October 16, 2014

The Backroom Bar in New York City

Backroom Bar Lower East Side Toy Company sign

photo by: Troy Hahn

The Backroom’s ‘fake front’ as the Lower East Side Toy Company is a nod to old New York City speakeasies that often used supposed apothecaries or blacksmith shops to conceal their true identity.

There are few places on earth, if any, that I enjoy sipping a few cocktails and drinking in the atmosphere more than modern-day New York City. But if I were given the chance to hit the town in the Roaring Twenties, I sure as hell wouldn’t pass it up. Lucky for me, I know a place I can do a little of both: the Lower East Side Toy Company, on Norfolk Street, between Delancey and Rivington.

That’s not the actual name, of course. It’s just the ‘fake front’ for the Backroom Bar, a contemporary speakeasy with roots that date back to Prohibition.

Backroom Bar velvet couches

photo by: Troy Hahn

The Backroom Bar was designed as a fusion between a speakeasy vibe and 1920s ballroom opulence.

“It’s sort of ironic because this was one of the [speakeasies] that didn’t have a fake front,” says owner Johnny Barounis of the Backroom’s Prohibition predecessor, Ratner’s Back Room. “It had a real business operating in conjunction with the speakeasy.”

That business was Ratner’s restaurant, another Lower East Side institution that opened up in 1908 and moved to Delancey Street just before the Volstead Act took effect. The kosher restaurant was seen as a culinary compliment to another neighborhood icon, Katz’s Deli, but its back room served illegal alcohol and the criminal underworld too.

“According to my [former] landlords, the gangsters of the area would have meetings back there -- Meyer Lansky in particular, but so would Bugsy Siegel,” Barounis says. “It makes sense because it’s a kosher restaurant [and] they were Jewish gangsters.”

Backroom Bar peephole

photo by: Troy Hahn

The Backroom’s entrance remains the same as in the 1920s, when guests would enter a door on Norfolk Street, navigate an underground alleyway, and emerge into a courtyard before encountering a doorman.

But the gangsters were attracted by more than the menu. Ratner’s Back Room sat near the apex of three separate buildings, and offered countless ways out. Until the buildings changed hands six months ago, there were exits from the speakeasy onto Suffolk, Norfolk, and Delancey streets. The current speakeasy’s back, back room -- the VIP space hidden behind a rotating bookcase -- had four exits of its own.

“If somebody came in and was being double crossed or there was a hit going on, there were so many different ways out if you knew the space. You could [even] hop the roofs all the way to Rivington,” Barounis says.

Nowadays, the only real suitable entrance and exit is the one on Norfolk Street that was used when the old Ratner’s restaurant was closed. Patrons descend a flight of stairs from the street and walk through a tunnel before entering through a back door.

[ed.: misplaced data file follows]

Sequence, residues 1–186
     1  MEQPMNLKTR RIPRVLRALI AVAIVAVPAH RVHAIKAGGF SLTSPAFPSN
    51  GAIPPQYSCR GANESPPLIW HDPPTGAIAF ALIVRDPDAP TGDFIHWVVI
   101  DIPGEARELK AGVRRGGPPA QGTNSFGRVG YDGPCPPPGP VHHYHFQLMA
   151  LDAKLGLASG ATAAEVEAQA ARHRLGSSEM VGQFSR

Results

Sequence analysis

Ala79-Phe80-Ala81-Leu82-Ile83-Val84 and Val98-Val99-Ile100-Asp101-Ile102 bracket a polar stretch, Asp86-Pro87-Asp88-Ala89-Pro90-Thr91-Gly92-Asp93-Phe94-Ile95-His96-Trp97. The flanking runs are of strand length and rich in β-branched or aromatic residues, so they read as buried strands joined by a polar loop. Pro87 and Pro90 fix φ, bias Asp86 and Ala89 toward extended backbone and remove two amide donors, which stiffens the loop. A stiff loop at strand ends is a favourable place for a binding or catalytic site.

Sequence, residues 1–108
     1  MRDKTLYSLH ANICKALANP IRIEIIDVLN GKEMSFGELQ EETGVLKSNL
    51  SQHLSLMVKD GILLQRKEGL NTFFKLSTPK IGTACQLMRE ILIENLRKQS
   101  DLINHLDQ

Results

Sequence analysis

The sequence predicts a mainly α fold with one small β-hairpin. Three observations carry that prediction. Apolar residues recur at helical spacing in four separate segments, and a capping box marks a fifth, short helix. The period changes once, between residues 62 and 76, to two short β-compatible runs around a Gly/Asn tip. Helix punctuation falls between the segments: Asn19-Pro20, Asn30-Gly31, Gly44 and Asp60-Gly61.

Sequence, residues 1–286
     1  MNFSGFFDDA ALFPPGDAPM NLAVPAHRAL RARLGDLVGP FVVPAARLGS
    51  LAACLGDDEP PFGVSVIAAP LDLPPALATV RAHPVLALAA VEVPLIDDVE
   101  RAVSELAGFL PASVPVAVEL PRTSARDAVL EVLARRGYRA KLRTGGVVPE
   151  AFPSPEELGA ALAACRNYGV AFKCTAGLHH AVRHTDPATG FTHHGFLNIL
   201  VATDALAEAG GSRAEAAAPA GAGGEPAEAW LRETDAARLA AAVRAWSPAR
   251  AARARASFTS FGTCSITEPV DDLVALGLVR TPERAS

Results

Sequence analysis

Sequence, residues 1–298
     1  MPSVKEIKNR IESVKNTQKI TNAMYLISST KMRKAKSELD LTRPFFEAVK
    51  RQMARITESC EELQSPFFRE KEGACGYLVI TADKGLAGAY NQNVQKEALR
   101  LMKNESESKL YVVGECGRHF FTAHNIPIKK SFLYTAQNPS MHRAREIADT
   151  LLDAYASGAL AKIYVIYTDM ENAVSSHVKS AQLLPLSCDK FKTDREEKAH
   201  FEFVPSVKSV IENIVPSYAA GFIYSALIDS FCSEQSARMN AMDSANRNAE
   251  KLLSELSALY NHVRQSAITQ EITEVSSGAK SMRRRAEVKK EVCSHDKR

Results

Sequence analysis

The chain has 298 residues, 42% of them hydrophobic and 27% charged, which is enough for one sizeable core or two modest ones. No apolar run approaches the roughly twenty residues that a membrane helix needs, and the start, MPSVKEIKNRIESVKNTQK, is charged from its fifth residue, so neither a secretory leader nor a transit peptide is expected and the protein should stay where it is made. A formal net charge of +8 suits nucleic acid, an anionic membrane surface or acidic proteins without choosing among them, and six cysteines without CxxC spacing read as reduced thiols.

Backroom Bar mutoscope

photo by: Troy Hahn

The Backroom has been furnished with 1920s period pieces, including an old cigarette dispenser and two Mutoscopes -- an early form of moving picture.

“You come in here through an alleyway that’s sort of like the underbelly of New York past,” Barounis says.

The bar is meant to be as historically accurate as possible, but Barounis points out that a lot of 1920s speakeasies were holes in the wall because of the constant threat of police turning them over. And though the location and accessories like the original moving picture Mutoscopes and the ancient cigarette dispenser are undeniably speakeasy, the 1920s period chandeliers, hardwoods, and paisley accents are notably upscale. The result is what Barounis refers to as “my bastardized version of these old 1920s ballrooms fused with a speakeasy.”

Backroom Bar interior stairs

photo by: Troy Hahn

Since the Backroom opened in 2004, it has hosted celebrities like Paul McCartney, Robert Plant, and Julian Lennon.

That vibe has seemed to jive well with locals and celebrities alike. On top of strong reviews from The New York Times and other media outlets, the Backroom has hosted celebrities such as Julian Lennon, Robert Plant, and Paul McCartney. Actors Michael Stuhlbarg and Vincent Piazza, who play Arnold Rothstein and Lucky Luciano on HBO’s popular "Boardwalk Empire" series even used the historic space for character research and development.

Maybe the coolest event, though, was the recent 102nd birthday of Lillian Sarno, who celebrated passing the New York State Bar exam at Ratner’s Back Room in 1933.

“The one thing that sets us aside from all of these other speakeasies that are out there now is we actually were one,” says Barounis. “People actually were in here drinking illegally 85, 90 years ago.”

“Anything else, it just costs a little money to do, but the history is something you can’t fake.”

Location: 102 Norfolk St., New York, New York 10002

Hours: 7:30 p.m.-4:00 a.m. Closed Mondays.

What to Order: Liquor comes in teacups and beer in brown bags. Take your pick.

There Are Rules: No fur allowed.

Best Yelp Review: "The drinks were amazing and I am pretty sure drinking them out of teacups enhanced the experience.”

David Weible was the content specialist at the National Trust, previously with Preservation and Outside magazines. His interest in historic preservation was inspired by the ‘20s-era architecture, streetcar neighborhoods, and bars of his hometown of Cleveland.

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